Can You Use a Massage Gun on Your Neck? Experts Say No

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Massage Gun Machine Rehab After Muscle Workout

“OK guys, I have a PSA for you, and it has to do with massage guns and your neck,” content creator Sophie Dolce begins a video. She tells her TikTok followers that after using a massage gun every 30 minutes to help relieve a kink in her neck, she noticed a big lump. Luckily, Dolce quickly sought medical attention, and doctors confirmed that the lump was most likely caused by a swollen lymph node instead of prolonged massage gun usage. But Dolce’s ultrasound results didn’t stop commenters from worrying about their own massage guns.

“Not me having a mystery stroke at 28 and constantly using a massage gun on my neck,” one user wrote in reaction to Dolce’s original TikTok. “I just got a massage gun so I’m glad I saw this,” another commented, thanking Dolce for sharing. Others expressed concerns about proper massage gun usage, with some people swearing them off altogether.

It’s easy to get carried away with massage guns, says Tony Poland, CMT, a former member of the US Olympic Medical Support Team. “Massage guns feel really good, especially if you can take them up to around 3,000 RPM, which is basically the speed of the myelinated nervous system,” Poland says.

But pause before ditching your massage gun completely. While they do carry risks, “the thing you have to look out for is tissue that is susceptible to damage easily, like arterial tissue,” Poland says. In fact, massage gun manufacturers themselves will recommend avoiding sensitive spots and suggest some people ask their doctors before using one at all (including people with IUDs — more on that below). Ahead, we share all the expert-backed info to help you use your massage gun correctly, prevent injury, and still relieve muscle soreness.

Can You Use a Massage Gun on Your Neck?

Poland says it’s not a great idea to use a massage gun on your neck. “There are arterial sinuses in there that are extremely susceptible to pressure,” he explains. “If you’re pounding away with a massage gun in the side of your neck, there’s a chance you could pass out.”

Julia Morgan, DC, physical therapist, and expert advisor for Hyperice, adds that improper massage gun usage can lead to “unnecessary soreness and bruising.” She would also suggest avoiding the carotid arteries (which travel through your head and neck).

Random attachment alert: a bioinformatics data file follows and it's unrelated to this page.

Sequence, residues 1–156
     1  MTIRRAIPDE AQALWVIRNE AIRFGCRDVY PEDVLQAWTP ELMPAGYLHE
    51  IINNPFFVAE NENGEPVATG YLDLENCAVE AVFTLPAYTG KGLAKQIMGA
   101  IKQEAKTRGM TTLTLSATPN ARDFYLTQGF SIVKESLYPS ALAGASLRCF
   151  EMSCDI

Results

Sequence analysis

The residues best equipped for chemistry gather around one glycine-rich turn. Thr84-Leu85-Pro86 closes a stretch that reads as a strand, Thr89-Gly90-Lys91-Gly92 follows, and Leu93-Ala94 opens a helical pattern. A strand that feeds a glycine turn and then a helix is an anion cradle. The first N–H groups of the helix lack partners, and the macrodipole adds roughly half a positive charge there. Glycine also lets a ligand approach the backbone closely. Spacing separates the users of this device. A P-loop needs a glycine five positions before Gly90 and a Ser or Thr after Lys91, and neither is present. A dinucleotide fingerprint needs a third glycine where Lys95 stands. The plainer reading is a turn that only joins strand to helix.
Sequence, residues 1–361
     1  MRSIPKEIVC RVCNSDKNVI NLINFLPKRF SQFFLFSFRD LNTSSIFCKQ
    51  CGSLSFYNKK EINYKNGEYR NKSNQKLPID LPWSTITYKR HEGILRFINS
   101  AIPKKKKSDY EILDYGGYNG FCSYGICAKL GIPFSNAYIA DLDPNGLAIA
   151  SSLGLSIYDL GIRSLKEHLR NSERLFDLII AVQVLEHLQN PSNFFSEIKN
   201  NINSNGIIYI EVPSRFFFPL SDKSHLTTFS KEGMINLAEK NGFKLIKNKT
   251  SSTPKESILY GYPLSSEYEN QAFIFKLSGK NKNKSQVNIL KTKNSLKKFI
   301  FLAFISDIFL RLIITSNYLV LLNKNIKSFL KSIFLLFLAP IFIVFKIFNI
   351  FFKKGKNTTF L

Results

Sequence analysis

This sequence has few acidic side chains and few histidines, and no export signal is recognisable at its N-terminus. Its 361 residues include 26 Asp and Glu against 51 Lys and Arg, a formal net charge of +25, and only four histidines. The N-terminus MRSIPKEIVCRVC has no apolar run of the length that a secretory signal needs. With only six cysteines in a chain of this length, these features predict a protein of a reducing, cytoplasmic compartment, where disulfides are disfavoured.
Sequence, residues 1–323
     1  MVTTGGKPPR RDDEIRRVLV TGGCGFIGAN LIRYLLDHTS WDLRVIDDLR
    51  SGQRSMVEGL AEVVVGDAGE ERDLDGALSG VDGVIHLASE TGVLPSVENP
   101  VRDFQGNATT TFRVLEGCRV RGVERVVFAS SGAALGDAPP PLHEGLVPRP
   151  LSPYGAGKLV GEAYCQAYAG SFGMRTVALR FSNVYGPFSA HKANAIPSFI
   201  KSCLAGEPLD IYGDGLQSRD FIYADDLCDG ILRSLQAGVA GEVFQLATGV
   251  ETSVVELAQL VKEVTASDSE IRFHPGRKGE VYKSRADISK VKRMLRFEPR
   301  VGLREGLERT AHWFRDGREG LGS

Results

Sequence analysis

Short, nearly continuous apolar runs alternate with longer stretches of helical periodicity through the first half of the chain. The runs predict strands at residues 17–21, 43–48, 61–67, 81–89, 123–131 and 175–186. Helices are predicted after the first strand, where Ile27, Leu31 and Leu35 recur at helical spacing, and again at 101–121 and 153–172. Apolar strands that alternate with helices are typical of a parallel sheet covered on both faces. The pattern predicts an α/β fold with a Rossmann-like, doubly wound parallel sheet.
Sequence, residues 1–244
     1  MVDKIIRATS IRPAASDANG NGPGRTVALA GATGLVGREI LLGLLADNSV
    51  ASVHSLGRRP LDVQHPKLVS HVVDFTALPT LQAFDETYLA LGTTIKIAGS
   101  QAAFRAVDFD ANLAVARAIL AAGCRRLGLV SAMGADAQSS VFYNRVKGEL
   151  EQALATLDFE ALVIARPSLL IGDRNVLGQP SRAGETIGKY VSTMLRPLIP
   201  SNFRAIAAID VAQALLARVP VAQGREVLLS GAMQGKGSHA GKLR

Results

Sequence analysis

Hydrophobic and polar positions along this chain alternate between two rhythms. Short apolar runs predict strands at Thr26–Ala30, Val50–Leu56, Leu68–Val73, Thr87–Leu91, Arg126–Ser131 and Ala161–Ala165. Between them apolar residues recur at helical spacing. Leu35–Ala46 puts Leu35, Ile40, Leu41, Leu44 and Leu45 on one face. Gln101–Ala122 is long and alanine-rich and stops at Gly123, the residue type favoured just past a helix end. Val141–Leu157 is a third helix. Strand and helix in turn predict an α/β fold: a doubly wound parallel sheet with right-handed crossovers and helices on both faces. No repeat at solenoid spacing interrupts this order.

There have also been incidences of people having vertebral artery dissection after using handheld massage devices. In one case, a 27-year-old woman who reported symptoms of headache, neck pain, and dizziness was found to have a vertebral artery dissection; she’d used a handheld massage gun on her neck during the three weeks prior. In another, a 43-year-old woman also had a vertebral artery dissection after using a massage chair that targeted the neck and back.

The bottom line: if your neck is sore, consider other, safer massage techniques. Poland specifically points to a technique called Instrument Assisted Soft Tissue Mobilization (IASTM), similar to the Chinese practice of gua sha. In essence, IASTM uses specialized tools to scrape the surface of the skin, activating the parasympathetic nervous system and releasing knots — no massage gun necessary. But make sure you talk to your doctor before trying, and are familiar with the correct technique.

What Other Body Parts Should You Avoid When Using a Massage Gun?

Generally speaking, Morgan recommends staying away from the face, head, and bony areas like the spine. “Be careful on the front of the neck to avoid the carotid artery and other sensitive structures like the vagus nerve,” Morgan says.

She also says to avoid the base of the skull, as the soft tissue there is extremely sensitive. Poland agrees that the skull should generally be avoided. “I have used a massage gun on temporalis, which is on the side of the skull, but you have to hold it far enough away that the gun is just touching into the tissue, not actually knocking the skull,” he says. “If it’s hitting the skull, that’s no good, because the brain’s not going to tolerate that. It does all sorts of crazy things to your vision and your perception of up.”